University of Michigan Law School
Civil Rights Litigation Clearinghouse
Title "In re National Security Letter 2013 (13-1165)"
Date Apr 4, 2017
Author Electronic Frontier Foundation
External Link
Abstract This is the second of three active EFF legal challenges to the FBI's NSL authority. Links to the related NSL cases are here and here.

Since the first national security letter (NSL) statute was passed in 1986, the FBI has issued hundreds of thousands of such letters seeking the private telecommunications and financial records of Americans without any prior approval from courts. In addition to this immense investigatory power, NSL statutes also permit the FBI to unilaterally gag recipients and prevent them from criticizing such actions publicly. This combination of powers -- to investigate and to silence -- has coalesced to permit the FBI to wield enormous power and to operate without meaningful checks, far from the watchful eyes of the judicial branch. Not surprisingly, this lack of checks has contributed to a dramatic expansion in the use of these tools across the country. Indeed, for the period between 2003 and 2006 alone, almost 200,000 requests for private customer information were sought pursuant to various NSL statutes. Prior to 2011, the constitutionality of this underlying legal authority to investigate the records of Americans without court oversight was challenged in court -- as far as we know -- exactly one time.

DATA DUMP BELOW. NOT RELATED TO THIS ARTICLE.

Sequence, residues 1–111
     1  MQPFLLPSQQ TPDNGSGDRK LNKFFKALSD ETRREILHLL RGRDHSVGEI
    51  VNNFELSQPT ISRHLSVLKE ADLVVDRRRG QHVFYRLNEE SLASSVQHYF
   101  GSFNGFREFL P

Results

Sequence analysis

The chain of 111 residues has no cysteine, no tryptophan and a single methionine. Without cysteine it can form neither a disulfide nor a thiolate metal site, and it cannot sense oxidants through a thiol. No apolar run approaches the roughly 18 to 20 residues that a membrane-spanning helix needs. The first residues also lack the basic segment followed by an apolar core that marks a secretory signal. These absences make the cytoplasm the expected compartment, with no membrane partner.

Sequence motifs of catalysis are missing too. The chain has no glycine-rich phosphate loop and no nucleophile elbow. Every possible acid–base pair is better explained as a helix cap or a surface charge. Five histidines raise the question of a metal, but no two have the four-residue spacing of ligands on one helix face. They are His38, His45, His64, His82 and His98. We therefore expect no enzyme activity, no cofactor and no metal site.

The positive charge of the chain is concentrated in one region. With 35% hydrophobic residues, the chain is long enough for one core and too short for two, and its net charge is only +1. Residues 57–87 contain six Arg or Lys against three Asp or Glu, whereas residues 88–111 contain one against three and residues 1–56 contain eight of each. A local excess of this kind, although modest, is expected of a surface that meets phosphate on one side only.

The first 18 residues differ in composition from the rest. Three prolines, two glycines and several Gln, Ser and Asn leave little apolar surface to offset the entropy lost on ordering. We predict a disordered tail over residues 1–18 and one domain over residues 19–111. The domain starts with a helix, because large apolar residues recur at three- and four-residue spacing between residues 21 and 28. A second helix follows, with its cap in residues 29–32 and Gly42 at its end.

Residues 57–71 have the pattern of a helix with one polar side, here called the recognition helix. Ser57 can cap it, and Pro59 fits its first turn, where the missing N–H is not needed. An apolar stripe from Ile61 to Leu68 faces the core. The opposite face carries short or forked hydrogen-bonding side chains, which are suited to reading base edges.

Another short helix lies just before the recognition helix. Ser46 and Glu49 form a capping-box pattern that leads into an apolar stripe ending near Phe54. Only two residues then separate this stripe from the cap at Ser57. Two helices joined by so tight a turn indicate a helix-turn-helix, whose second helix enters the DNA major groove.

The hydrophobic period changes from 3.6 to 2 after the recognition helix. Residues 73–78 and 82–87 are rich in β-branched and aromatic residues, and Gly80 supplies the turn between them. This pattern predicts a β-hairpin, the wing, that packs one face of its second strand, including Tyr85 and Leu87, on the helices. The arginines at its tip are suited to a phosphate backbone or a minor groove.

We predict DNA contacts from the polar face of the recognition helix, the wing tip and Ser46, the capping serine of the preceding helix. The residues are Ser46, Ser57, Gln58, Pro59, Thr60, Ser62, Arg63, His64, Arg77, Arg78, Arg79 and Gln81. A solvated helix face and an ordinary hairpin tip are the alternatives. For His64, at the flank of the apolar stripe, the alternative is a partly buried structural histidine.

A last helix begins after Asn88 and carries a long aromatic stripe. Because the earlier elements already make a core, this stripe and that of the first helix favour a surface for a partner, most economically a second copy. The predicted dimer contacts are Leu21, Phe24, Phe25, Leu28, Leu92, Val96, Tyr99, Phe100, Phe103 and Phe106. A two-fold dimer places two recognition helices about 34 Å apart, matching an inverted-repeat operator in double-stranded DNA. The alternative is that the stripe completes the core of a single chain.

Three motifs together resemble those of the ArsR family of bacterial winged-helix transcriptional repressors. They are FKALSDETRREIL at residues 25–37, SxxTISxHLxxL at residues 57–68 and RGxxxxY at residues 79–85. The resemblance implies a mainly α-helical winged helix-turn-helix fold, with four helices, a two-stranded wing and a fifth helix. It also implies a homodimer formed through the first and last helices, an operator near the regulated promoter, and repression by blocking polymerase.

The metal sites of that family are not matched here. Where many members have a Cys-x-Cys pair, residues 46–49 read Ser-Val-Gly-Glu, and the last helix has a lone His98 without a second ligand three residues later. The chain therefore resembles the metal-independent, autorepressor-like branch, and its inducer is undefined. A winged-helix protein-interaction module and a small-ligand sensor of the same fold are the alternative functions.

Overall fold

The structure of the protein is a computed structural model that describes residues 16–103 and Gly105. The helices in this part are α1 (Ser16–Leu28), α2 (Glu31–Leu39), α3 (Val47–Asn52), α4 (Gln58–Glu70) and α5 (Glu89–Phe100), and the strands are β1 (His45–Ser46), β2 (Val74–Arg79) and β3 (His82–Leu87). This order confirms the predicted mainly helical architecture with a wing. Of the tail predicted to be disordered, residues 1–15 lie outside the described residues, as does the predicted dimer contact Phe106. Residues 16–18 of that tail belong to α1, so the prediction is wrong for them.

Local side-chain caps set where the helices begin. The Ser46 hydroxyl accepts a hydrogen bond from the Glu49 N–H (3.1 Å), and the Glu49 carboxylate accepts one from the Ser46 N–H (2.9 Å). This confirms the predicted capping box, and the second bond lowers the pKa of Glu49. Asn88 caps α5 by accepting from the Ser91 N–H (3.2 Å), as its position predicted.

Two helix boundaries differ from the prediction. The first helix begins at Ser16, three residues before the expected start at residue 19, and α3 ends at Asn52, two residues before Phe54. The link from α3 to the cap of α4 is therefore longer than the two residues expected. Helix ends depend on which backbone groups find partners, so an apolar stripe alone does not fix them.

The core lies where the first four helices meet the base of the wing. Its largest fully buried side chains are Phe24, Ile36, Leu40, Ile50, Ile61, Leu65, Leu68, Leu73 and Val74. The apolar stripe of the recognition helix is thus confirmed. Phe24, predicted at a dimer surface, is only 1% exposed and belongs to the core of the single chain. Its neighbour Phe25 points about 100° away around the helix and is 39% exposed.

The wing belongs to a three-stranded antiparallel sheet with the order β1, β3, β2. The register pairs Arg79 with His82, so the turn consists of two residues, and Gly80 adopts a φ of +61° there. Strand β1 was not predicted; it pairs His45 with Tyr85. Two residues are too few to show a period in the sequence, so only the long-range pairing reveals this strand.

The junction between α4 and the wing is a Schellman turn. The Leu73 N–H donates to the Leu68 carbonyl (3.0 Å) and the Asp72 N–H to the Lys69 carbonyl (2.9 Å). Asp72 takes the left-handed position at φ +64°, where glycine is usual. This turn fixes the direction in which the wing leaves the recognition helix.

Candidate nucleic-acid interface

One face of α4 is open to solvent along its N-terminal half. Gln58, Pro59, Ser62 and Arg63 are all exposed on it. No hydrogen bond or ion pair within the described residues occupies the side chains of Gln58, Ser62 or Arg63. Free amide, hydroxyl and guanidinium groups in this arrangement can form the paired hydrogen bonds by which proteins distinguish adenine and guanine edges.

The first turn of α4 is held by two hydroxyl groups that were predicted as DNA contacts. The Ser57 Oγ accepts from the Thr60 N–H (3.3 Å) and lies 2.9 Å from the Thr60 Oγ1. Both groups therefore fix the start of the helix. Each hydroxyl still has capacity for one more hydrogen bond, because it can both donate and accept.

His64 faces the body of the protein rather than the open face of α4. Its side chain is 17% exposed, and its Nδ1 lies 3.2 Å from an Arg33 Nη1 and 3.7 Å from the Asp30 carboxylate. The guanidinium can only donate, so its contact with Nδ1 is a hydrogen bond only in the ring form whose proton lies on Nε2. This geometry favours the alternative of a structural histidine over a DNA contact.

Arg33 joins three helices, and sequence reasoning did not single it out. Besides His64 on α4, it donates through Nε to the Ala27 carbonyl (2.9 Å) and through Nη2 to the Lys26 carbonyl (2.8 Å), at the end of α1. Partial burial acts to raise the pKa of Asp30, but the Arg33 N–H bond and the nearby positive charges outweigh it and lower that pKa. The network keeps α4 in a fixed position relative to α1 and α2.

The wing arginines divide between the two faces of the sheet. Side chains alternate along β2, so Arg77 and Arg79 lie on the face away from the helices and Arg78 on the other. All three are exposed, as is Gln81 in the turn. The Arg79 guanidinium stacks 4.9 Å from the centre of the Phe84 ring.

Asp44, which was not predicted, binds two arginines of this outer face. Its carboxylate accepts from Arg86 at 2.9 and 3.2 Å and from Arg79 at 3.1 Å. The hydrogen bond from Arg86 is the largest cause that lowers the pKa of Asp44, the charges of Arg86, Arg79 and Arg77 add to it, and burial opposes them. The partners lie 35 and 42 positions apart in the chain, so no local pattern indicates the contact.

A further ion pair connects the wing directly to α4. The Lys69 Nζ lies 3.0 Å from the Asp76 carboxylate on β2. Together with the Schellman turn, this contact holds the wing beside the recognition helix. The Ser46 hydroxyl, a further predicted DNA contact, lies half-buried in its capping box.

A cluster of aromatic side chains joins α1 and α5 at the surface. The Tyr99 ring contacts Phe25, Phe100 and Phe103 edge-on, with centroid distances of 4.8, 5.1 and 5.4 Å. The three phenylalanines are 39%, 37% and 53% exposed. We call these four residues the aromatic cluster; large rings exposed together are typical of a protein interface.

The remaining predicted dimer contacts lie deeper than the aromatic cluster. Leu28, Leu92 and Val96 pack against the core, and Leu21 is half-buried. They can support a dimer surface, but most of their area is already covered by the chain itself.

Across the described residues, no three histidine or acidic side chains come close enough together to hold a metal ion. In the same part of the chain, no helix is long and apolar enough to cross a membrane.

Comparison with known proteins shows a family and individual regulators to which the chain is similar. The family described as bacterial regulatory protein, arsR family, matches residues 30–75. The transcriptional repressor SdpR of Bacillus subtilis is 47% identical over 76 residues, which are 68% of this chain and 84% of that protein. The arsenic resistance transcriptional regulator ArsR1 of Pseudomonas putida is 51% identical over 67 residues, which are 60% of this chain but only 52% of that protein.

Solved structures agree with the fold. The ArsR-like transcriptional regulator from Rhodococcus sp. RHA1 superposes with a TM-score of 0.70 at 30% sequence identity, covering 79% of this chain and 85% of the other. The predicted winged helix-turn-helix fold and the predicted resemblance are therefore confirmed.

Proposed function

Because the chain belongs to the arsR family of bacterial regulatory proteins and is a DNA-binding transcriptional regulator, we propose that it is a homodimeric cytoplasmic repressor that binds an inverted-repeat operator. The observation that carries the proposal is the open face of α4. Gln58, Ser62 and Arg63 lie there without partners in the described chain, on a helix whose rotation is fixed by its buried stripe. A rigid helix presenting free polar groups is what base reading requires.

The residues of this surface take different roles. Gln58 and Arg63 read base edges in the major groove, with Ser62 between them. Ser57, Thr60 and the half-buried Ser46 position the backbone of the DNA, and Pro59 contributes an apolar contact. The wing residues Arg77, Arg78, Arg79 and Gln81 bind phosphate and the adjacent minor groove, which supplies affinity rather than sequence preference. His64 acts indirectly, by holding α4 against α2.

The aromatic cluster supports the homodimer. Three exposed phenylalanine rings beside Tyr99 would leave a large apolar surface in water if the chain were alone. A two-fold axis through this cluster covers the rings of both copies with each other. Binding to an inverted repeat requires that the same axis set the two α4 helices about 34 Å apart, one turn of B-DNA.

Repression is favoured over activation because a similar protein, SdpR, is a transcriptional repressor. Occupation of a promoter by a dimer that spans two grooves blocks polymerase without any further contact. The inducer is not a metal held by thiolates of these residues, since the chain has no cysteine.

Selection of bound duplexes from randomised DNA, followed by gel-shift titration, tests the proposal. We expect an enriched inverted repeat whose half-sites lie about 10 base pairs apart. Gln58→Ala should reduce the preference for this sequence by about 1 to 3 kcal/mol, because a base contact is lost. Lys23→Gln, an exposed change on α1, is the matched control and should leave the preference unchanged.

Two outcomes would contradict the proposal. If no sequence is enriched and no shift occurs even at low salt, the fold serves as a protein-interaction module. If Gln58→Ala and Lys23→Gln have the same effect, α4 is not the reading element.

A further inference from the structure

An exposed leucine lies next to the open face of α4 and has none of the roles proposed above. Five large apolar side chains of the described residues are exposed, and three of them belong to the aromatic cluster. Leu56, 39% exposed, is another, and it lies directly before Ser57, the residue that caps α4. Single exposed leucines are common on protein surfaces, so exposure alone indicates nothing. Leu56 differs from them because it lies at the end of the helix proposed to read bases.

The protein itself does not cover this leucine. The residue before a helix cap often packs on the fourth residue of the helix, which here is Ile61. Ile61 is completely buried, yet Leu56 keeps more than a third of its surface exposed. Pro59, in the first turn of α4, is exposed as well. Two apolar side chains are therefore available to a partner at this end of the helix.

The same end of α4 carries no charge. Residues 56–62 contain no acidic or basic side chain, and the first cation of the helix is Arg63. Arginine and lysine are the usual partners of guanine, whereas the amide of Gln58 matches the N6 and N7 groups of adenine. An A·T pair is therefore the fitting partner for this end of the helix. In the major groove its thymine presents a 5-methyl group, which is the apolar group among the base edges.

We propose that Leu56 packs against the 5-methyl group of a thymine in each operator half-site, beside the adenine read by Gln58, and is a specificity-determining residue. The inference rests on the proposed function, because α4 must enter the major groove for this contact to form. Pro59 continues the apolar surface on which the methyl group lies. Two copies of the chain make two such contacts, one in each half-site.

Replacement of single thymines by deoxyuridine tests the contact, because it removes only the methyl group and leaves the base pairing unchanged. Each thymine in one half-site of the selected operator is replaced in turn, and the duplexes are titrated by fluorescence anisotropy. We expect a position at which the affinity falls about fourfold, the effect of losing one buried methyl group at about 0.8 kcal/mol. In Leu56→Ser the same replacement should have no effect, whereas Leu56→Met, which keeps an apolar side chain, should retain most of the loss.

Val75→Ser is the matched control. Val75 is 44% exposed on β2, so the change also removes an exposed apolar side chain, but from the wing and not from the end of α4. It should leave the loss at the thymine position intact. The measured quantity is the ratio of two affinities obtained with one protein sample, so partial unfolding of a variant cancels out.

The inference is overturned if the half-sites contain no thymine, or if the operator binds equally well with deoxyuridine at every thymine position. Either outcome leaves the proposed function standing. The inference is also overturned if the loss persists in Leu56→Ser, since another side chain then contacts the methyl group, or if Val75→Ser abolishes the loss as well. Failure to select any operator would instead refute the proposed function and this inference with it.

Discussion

This Resource Relates To
case In re: National Security Letter, Under Seal v. Holder (Sealed) (NS-CA-0014)

new search